Samurai omnibus - Frederic Genet

Samurai: The Heart of the Prophet Review

Titan Books, 2015
Jean-Francois Di Giorgio
Art: Frederic Genet

I picked up the new Samurai omnibus, now published by Titan Comics, with little knowledge of the series or its French creators, other than the fact that the series had been collected by Marvel a few years earlier (as Samurai: Legend in 2009, to be precise).

Kazuo Koike’s Samurai Executioner and Lone Wolf & Cub series are clearly a big influence on Jean-François Di Giorgio’s storytelling. The stoic Takeo is a compelling and mysterious hero, with the swagger of Yojimbo but a compassionate side that distinguishes him from many of the Western-inflected samurai fiction archetypes.

But Frédéric Genêt’s art is the main draw here, breathtaking in its detail and scope. His Imperial Japan feels both faithful and fantastical, and the plot deftly jumps between historical commentary and a mystical cult that is hell-bent on resurrecting a demon known as the 13th prophet.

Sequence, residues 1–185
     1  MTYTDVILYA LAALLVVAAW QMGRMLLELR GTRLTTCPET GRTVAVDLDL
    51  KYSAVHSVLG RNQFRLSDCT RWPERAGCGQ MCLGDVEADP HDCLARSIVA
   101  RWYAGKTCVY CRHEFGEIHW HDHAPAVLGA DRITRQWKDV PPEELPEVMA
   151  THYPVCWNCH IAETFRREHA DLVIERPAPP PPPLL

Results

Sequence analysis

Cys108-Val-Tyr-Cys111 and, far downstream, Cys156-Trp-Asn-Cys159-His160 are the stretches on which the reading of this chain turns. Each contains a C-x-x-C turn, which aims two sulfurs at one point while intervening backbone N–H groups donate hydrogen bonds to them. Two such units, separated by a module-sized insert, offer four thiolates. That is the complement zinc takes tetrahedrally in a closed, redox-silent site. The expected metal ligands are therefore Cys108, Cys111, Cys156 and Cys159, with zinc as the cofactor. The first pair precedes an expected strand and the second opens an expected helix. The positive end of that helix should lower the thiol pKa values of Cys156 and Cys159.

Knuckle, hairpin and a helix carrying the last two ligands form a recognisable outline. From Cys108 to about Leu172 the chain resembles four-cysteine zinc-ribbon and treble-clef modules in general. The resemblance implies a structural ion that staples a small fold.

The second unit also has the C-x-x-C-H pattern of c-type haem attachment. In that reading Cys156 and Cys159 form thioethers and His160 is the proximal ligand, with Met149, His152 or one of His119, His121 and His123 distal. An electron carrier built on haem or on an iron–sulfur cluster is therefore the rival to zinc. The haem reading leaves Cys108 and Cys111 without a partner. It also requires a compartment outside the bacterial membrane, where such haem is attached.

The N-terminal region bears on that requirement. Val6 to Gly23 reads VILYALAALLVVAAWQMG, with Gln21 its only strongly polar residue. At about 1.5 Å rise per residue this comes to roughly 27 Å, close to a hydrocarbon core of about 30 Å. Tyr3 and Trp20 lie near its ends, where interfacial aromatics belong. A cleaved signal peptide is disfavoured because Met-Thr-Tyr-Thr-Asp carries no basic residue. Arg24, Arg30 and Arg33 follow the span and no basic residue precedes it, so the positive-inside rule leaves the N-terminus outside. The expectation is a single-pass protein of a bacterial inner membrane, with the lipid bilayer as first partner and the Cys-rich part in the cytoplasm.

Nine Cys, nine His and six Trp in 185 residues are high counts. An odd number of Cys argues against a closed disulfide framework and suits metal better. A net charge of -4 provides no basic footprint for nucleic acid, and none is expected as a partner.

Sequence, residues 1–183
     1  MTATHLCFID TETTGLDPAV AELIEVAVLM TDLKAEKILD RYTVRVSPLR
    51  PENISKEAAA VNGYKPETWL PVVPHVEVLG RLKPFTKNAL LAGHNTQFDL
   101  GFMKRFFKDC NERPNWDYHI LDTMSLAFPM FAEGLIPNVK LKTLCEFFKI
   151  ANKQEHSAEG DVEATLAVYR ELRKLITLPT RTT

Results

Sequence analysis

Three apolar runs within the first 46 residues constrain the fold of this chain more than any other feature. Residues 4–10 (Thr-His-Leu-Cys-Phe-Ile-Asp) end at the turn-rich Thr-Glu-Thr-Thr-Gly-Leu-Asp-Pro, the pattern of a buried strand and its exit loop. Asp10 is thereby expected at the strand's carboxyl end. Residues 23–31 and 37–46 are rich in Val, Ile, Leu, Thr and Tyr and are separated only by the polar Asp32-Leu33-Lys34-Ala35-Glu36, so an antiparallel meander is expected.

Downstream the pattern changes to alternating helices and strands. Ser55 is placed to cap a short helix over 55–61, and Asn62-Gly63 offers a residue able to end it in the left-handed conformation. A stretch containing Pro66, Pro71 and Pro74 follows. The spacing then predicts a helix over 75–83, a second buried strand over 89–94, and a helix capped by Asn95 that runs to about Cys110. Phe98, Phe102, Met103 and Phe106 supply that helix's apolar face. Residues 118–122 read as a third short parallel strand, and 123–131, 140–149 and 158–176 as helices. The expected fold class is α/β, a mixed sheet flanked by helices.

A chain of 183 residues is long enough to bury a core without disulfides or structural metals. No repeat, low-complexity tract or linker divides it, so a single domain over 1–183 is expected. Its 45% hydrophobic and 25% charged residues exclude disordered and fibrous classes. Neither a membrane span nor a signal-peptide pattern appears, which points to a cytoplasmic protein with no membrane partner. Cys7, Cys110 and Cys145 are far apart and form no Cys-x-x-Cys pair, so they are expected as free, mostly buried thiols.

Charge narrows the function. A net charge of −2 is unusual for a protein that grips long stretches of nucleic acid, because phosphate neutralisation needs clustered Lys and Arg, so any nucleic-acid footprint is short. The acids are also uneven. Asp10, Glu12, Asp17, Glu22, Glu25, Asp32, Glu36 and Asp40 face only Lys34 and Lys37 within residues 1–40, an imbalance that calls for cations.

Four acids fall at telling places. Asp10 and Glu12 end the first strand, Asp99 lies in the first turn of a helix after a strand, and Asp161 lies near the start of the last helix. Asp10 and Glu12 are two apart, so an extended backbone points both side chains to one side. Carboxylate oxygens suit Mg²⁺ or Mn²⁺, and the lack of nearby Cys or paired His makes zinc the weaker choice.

Samurai OmnibusFor the first two thirds of this book, the combination of clichéd but hugely compelling characters, Genêt’s beautiful art and a magical sense of time and place mark Samurai as something truly special. The book has an attention to its world and mythology that consistently blew me away. The final act, however, elevates the fantasy elements at the cost of all that made it Samurai work, and the ending proves to be a bit of a damp squib.

As this is the first instalment in an ongoing series (also now published by Titan Books) the flaccid finale didn’t deter me as much as it might on a standalone story. In fact, the first issue of a new series, ‘The Unnamed Island,’ with covers by David Mack, is out now and continues the story in grand style. Well worth checking out.

Samurai omnibus - Frederic Genet

Samurai Omnibus



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